The new J. Herbin 1798 Cornaline d’Egypte has arrived! We had heard about this ink a while ago, so it was a thrill to finally have it in the shop – finally an orange to join the sparkly J. Herbin family. It’s about time for an orange with an extra sparkle.
As always, with any ink that has that extra sparkle or shimmer or particles, you should take some precautions in not leaving the ink for too long (maybe more than 2-3 weeks if you’re not using it at all, longer if you are using it regularly), flushing it out well. I often find I still have some residual shine in my pens after I use a Shimmertastic or a J. Herbin 1798 ink, which I’m okay with, but you should be prepared to do some really thorough cleaning – possibly breaking out a toothbrush against the feed – if this bothers you. I haven’t found any flow issues myself, but if you have a dry pen, or an extra fine nib, you might not find it quite as vibrant.
Also exciting are five new J. Herbin inks joining the standard line. I’m a big fan of J. Herbin inks (Lie de the, Poussiere de lune), inks that tend to be gentle on pens, great shaders, classic sort of fountain pen inks. There are a lot of super saturated inks out there, with huge sheen or sparkle, but I really like that J. Herbin inks are sort of an old-timey style, with shading and a renaissance feel.
Bleu des profondeurs – a dark blue black. Truly a deep blue black, with a sort of velvet feel on the page. A classic.
Vert de gris: a surprise hit for me. Or perhaps not really a surprise. In any case, I had seen photos of this ink and hadn’t really been taken, but as soon as I’d swabbed it, I loved it. It’s a dusty, shading green grey – and not too green. It’s a perfect ink for something a little nostalgic.
Bleu Calanque: a turquoise, peacock blue – nice and bright.
Corail de tropiques: a dusty coral.
Rouge Grenat: a deep red. I’m normally not a fan a fan of red, and my tried and true red has long been Sailor Grenade, however I love the smooth and rich red of this. While I’m not a teacher anymore, I might have to find more excuses to bring it back into my daily rotation.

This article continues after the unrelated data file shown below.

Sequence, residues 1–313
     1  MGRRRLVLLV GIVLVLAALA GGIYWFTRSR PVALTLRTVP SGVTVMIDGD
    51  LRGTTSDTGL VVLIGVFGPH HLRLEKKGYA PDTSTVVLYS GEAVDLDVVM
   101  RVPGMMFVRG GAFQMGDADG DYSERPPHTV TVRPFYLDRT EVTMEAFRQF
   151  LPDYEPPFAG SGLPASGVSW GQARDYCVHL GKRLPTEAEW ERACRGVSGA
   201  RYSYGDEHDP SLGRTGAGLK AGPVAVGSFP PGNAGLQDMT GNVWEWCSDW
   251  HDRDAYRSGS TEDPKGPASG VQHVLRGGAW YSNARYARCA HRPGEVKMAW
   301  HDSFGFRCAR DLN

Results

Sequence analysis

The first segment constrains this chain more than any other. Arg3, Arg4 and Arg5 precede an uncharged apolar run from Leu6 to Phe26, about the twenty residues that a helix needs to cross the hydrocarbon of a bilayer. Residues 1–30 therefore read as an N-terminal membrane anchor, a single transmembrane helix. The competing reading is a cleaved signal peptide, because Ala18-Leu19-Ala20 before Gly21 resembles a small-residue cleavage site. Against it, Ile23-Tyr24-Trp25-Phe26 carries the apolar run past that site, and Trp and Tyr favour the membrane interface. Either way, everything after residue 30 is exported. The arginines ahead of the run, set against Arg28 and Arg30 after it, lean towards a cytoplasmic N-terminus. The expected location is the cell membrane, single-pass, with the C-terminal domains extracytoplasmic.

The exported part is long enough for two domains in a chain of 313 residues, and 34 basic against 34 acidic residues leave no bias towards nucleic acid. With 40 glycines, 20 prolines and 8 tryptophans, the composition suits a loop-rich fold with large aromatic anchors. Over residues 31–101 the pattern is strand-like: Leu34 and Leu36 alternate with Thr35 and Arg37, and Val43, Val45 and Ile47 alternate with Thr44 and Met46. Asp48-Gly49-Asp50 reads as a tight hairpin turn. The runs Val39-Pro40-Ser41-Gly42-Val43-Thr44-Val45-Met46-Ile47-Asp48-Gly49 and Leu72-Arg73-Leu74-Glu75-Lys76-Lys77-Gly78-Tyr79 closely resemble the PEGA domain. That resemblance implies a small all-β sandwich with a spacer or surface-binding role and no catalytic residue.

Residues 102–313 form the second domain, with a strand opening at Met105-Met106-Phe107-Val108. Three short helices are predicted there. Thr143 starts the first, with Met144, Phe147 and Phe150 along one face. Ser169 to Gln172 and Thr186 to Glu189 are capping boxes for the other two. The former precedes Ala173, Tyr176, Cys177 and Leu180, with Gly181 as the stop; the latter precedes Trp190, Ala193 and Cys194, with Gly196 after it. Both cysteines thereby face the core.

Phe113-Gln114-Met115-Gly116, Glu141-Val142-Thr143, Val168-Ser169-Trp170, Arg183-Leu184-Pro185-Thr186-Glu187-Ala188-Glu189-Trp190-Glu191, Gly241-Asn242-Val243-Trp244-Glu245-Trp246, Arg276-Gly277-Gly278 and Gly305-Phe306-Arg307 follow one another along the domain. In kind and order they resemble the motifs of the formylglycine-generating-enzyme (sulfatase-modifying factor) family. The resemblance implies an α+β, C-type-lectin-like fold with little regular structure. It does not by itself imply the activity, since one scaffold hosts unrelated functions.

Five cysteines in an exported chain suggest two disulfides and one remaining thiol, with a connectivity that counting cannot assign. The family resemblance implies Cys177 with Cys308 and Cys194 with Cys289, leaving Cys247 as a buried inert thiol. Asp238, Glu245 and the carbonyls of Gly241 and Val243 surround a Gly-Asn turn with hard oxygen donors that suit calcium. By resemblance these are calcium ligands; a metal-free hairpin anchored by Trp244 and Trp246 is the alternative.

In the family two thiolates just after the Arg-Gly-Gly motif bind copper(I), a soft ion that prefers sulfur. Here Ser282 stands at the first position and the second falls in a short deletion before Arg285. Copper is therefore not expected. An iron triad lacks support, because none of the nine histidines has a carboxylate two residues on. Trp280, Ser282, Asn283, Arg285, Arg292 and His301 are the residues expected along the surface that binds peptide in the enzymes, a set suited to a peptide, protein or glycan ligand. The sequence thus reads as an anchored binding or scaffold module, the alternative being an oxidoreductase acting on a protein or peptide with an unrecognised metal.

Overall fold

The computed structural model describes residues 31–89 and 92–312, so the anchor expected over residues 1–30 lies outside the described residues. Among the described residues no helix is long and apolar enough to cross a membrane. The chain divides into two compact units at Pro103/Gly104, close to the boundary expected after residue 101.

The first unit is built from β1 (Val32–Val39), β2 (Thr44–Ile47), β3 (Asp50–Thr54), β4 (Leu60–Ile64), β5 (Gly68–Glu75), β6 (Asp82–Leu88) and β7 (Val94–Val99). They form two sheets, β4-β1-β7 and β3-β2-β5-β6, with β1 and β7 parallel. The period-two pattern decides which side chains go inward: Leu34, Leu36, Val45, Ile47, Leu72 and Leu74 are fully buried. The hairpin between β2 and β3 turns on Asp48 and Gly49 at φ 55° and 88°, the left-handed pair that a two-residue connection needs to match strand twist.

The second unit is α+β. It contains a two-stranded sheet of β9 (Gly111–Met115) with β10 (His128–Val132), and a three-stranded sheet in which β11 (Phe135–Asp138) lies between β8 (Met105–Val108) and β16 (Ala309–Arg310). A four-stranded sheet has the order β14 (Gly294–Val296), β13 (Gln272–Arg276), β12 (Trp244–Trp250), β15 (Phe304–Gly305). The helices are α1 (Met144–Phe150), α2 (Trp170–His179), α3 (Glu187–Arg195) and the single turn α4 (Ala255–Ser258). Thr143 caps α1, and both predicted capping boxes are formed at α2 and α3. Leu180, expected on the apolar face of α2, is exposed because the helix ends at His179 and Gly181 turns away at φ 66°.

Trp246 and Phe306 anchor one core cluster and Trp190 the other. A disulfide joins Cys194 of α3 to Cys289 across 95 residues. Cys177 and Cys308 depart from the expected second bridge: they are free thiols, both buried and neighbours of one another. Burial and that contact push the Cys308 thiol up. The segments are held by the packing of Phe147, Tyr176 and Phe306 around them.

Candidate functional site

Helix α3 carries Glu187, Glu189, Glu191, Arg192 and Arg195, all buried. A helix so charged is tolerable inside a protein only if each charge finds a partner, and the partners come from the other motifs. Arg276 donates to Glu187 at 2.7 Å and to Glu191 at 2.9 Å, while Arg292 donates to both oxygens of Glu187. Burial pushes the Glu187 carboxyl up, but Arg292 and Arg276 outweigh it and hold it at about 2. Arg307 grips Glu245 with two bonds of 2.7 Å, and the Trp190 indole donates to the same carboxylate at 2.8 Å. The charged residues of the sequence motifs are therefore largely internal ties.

In other news, I’ve been expanding my horizons dressing baby Naomi. I’ve never really been a fan of pink and frilly, and a shocking proportion of girls clothes seem to be pink these days. Recently, I’ve been a little worried about her growing up with a complex – she’s bald, but then she’s also dressed most of the time in her big brother’s old clothes, and everything thinks she’s a boy. It didn’t matter when was an infant, but now that she’s getting a little more aware of people around her, and people interacting with her, I’ve been trying to at least find more gender neutral clothes.
I’m finally embracing one of my favourite outfits for her, her safari outfit. When I first got it, I really liked it, and actually didn’t refer to it as a safari outfit but as “that cute beigy button up onesie.” She’s a baby that gets a lot of comments when we go out, but literally every time I put her in it, basically all of the comments are something along the lines of either “are you ready for your safari?” or “you look ready for a safari!” It probably also doesn’t help that she’s gotten really tanned over the last few months so she looks like she’s been spending time out in the jungle.
For some reason that’s really completely beyond me, it sort of bothered me, this constant reference to this imaginary safari, and then every comment I continued to get just added to my irrational agitation. She’s a baby! She’s not going on a safari! We’re here to get her vaccinations! Or a coffee! Or wandering down the aisles of No Frills trying to decide on a box of crackers!
It finally dawned on me one day that there are bigger fish to fry in the world, and now I just smile, and say yes, she is in fact prepared to go on a safari. If only she was so lucky.